EGX to purchase 30% of commodities exchange management company
EGX to claim 30% ownership of commodities exchange; who will own the futures exchange still to be determined: The EGX is staking its claim to the as of yet unestablished commodities exchange, according to statements by EGX Chairman Mohamed Farid picked up by Al Mal. The EGX will hold a 30% stake in the exchange. The EGX’s stake is part of the government’s 50% ownership share in the new exchange, with other shareholders set to include the General Authority For Supply Commodities (GASC), the Internal Trade Development Authority (ITDA), and the Egyptian Holding Company for Silos and Storage, according to previous statements by Supply Minister Ali El Moselhy.
49% of the EGP 100 mn exchange will be held by (mostly state-owned) commercial and investment banks, as well as a host of other state and quasi-state entities, such as Misr for Central Clearing, Depository and Registry (MCDR), the state Insurance Holding Company, the Federation of Egyptian Chambers of Commerce. State-owned banks expected to hold those shares include Banque Misr, the National Bank of Egypt, and the Agricultural Bank of Egypt. EFG Hermes and CIB are the two standouts from the private sector said to be likely to take a stake.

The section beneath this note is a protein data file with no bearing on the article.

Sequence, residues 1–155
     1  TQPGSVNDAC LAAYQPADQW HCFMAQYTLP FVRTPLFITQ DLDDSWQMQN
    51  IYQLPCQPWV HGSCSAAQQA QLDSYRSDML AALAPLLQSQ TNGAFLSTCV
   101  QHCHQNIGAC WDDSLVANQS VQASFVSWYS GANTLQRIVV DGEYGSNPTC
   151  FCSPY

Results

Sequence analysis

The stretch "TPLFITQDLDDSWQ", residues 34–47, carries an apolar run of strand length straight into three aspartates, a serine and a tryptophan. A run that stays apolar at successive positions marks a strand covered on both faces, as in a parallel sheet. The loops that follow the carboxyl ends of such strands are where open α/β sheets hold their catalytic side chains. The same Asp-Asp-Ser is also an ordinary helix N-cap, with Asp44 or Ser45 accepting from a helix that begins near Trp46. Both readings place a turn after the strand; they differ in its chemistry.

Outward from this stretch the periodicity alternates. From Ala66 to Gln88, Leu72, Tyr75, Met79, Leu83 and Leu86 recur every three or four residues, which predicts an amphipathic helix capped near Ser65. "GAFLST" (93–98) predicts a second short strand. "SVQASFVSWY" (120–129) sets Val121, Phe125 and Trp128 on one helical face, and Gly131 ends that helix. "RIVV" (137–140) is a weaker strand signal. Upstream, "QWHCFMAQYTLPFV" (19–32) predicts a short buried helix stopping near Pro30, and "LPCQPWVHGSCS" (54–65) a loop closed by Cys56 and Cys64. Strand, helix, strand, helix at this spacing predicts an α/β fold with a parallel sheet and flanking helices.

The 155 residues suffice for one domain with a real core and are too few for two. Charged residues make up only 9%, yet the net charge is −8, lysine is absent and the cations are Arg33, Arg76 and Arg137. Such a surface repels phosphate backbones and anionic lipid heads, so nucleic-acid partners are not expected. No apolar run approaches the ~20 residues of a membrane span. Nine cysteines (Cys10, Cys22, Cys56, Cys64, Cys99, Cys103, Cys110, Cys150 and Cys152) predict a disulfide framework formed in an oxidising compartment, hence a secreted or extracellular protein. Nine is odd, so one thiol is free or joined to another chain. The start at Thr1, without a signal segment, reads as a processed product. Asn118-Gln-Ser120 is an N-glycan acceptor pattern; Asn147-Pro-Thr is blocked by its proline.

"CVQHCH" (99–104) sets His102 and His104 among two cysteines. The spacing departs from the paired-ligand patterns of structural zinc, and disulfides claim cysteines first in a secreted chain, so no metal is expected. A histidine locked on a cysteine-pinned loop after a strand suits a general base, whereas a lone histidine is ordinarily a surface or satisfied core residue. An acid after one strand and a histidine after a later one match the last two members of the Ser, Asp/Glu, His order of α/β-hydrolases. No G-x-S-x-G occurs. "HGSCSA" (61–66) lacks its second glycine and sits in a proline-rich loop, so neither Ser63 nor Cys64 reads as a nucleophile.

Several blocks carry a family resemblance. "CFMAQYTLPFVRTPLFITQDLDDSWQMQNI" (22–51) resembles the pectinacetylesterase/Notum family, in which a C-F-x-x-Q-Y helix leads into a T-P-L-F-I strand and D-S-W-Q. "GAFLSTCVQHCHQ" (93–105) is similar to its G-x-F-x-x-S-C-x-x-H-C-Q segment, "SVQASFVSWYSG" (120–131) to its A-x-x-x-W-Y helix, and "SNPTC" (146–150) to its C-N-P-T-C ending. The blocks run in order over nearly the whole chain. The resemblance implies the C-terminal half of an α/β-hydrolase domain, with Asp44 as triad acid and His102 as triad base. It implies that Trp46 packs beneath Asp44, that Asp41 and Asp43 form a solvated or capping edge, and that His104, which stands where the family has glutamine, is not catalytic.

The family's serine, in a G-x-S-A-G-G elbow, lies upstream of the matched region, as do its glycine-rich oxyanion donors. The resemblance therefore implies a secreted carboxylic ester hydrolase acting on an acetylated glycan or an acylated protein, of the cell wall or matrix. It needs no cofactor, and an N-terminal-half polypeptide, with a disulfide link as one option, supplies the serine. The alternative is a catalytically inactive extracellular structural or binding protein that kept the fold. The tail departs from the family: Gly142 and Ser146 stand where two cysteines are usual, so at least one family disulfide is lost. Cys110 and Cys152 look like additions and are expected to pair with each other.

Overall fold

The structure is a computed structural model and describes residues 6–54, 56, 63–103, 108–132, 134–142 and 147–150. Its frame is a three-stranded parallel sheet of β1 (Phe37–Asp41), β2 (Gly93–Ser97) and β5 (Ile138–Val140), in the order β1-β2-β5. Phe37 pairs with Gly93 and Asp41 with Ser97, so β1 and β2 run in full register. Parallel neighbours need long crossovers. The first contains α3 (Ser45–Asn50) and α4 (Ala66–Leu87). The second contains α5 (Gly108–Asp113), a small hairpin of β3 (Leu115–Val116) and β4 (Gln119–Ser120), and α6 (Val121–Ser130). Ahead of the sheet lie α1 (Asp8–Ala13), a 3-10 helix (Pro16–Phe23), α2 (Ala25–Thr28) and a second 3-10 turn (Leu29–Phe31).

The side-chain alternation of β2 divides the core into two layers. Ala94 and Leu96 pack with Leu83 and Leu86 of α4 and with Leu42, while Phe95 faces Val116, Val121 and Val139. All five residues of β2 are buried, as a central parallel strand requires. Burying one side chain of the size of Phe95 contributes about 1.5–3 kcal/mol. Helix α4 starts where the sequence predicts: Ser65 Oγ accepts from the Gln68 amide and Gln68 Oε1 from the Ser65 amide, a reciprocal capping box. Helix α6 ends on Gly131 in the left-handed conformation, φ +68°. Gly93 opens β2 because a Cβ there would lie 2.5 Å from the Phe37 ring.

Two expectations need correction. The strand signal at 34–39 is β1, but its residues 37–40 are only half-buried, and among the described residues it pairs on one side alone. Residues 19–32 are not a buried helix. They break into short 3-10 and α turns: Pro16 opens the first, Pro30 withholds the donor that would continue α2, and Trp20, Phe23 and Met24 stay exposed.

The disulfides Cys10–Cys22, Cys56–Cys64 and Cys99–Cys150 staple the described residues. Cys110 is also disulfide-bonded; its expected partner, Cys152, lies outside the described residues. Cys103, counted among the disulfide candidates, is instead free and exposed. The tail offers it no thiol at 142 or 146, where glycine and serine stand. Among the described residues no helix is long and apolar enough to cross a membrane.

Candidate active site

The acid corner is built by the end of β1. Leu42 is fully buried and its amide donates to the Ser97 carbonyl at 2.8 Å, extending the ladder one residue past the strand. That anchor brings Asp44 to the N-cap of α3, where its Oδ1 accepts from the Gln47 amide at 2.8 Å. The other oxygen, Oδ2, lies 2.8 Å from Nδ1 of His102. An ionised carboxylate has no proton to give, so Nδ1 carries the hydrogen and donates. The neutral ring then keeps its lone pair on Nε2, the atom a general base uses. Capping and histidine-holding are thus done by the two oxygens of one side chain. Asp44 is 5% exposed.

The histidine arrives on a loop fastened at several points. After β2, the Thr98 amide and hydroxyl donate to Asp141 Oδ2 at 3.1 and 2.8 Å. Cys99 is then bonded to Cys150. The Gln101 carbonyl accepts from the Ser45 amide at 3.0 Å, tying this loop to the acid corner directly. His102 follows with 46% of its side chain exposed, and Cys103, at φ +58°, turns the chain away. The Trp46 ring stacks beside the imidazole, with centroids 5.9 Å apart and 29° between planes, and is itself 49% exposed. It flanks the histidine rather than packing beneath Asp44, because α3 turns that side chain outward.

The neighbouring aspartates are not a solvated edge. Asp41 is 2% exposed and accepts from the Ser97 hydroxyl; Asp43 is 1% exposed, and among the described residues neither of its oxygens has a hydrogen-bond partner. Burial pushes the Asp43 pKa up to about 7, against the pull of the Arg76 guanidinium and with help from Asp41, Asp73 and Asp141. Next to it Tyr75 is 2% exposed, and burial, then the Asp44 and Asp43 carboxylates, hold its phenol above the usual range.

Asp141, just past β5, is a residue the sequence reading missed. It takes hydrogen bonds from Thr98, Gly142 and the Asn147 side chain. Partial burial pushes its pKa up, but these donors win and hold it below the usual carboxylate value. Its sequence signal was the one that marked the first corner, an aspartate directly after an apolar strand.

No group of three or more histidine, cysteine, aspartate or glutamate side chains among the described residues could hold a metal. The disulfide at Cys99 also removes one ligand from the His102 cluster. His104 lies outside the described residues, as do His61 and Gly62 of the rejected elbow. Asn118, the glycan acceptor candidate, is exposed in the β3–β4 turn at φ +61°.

But Enterprise, wasn’t the commodities exchange already established in March? No it wasn’t. The domestic press appears to have jumped the gun on this back in March. The latest statements by Farid indicate that the ownership stakes have yet to be determined, as is the establishment of the exchange’s electronic trading platform. A final decision on which commodities will be traded still hasn’t been made, although ITDA head Ibrahim Ashmawy assures Al Mal that this “is happening soon.”
We’re waiting to hear back from the EGX on whether trading in the exchange will start in September as earlier announced.
Background: The Egyptian Commodity Exchange was given the greenlight by the Cabinet in January. The exchange was expected to initially trade in six commodities — wheat, rice, corn, potatoes, onions, and oranges. It is unclear whether these commodities will underpin the as of yet established commodities future exchange.
And speaking of the futures exchange, a meeting yesterday to set the regulations governing it has yet to determine whether the private sector will be allowed to own shares. One thing that was made clear is that 75% of shares in the exchange — which will launch derivatives trading in Egypt — must be held by one or more financial institutions, whether they be state-owned or private, according to statements by FRA chief Mohamed Omran (pdf) at the meeting. The meeting was attended by MCDR, the EGX, as well as private-sector commercial and investment banks, insurance companies and representatives from the EBRD and the International Finance Corporation. Omran closed out the meeting by forming a working group to draft the regs and guidelines for the exchange. It is still unclear when this will be launched.